Before a speech to parliament on Monday, the king issued a decree that grants a “special pardon” to all those convicted of the offence in the kingdom and sets those in jail free.
“The special pardon fully drops the punishment on 155 convicts” the Royal Court said in a statement.
Insulting the king, as well as “slandering” the authorities and foreign leaders whether verbally, in writing or online, is punishable by up to three years in prison.
The king told parliament on Monday that he aims to “modernise” the political system while maintaining stability in the country.
“Experiments around us have taught us that transition within clear programmes is the safe way to achieve the required modernisation,” he said at the start of the parliament's new yearly session.
“The strength of Jordan is based on security and stability.”
All significant powers in the country are with the king, and parliament's role is mostly ceremonial. The kingdom of 10 million people is in a recession and unemployment is officially at a record 24 per cent.
In June, the king formed a loyalist committee that came up with proposals for political change based on how the parliament is elected, without touching upon his powers.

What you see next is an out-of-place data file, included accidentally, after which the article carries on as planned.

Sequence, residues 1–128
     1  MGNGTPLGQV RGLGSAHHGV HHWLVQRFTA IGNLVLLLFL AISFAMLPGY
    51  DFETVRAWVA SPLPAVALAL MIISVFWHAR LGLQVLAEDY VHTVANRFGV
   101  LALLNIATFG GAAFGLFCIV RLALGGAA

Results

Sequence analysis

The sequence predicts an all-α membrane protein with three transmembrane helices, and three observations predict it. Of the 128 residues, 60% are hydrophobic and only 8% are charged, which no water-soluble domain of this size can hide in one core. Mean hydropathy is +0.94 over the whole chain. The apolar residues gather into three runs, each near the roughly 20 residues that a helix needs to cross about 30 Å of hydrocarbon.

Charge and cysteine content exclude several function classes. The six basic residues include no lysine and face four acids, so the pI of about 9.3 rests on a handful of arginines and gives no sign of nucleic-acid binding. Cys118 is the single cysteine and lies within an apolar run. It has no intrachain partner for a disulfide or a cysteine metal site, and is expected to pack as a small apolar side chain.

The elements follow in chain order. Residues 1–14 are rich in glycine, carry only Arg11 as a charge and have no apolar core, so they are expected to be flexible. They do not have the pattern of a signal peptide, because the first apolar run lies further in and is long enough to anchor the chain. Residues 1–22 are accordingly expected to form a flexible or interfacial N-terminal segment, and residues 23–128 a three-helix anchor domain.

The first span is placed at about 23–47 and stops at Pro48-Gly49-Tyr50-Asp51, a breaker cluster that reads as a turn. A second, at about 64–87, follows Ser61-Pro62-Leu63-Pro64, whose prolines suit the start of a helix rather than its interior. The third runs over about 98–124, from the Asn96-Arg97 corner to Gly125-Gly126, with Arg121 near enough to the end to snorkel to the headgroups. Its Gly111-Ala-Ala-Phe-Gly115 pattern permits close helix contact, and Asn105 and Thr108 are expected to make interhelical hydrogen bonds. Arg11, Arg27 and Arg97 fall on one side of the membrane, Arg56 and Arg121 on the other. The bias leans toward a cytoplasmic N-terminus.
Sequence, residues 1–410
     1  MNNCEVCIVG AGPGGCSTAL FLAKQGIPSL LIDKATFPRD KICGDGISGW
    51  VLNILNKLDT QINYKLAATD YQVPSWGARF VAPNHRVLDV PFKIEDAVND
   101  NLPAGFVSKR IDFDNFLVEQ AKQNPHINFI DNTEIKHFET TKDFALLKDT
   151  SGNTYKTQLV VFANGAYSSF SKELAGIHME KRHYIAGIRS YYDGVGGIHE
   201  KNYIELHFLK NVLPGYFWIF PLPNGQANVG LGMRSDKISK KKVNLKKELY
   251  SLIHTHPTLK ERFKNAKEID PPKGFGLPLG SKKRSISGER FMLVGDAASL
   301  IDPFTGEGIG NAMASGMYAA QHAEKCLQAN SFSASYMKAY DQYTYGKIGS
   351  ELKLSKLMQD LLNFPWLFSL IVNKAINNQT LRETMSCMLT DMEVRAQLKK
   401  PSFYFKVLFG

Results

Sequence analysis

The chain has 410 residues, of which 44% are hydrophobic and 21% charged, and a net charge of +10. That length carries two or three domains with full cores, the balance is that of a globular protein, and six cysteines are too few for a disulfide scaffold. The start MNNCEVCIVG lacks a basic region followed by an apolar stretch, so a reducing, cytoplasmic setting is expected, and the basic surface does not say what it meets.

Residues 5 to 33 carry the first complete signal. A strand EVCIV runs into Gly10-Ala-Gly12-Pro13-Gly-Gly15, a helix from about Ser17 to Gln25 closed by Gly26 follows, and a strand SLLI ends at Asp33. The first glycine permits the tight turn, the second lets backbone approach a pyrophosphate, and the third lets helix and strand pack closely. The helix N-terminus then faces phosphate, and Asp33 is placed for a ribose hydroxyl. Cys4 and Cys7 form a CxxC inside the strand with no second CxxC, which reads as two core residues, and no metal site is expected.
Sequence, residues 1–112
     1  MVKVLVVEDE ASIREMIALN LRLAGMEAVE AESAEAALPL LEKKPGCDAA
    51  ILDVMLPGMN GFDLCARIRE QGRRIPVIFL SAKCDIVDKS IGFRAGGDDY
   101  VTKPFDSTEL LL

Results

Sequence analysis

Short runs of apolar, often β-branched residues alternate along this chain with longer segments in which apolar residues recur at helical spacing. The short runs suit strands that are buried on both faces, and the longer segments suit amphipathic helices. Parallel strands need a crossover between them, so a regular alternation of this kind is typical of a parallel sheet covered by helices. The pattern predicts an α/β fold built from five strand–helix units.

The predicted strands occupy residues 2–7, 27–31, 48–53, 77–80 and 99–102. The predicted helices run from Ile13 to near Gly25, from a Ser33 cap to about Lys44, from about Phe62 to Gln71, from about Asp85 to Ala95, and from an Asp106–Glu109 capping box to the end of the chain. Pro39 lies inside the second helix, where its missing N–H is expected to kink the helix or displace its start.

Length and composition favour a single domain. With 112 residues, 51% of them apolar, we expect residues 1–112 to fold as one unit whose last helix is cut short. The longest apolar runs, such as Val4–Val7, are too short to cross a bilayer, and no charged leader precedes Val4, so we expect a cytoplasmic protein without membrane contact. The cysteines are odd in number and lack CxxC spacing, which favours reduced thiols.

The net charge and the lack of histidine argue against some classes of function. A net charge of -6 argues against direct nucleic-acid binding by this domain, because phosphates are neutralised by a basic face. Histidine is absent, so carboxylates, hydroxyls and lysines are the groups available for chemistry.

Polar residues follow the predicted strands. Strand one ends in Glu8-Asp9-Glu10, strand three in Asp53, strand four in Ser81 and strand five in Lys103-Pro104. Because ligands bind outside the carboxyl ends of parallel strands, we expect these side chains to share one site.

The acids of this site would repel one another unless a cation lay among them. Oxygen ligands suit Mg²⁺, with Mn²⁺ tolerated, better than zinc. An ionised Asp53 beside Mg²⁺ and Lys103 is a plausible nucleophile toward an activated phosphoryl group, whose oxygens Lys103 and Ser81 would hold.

The proposals aim to increase the influence of political parties in the 130-member chamber, which is dominated by tribes.
In October, King Abdullah told authorities to prepare to pardon all those convicted of speaking against him.
It is not the first time the king has commented on such cases.
In April this year, a court overturned a case against a woman who had been arrested on charges of insulting the monarch, after a dispute with another driver led her to say that “my father is better than the king and the whole world”.
The case sparked outrage on social media after she was initially sentenced to more than a year in jail. On appeal, the court ruled that she had not in any way meant to insult the country's ruler with her remarks.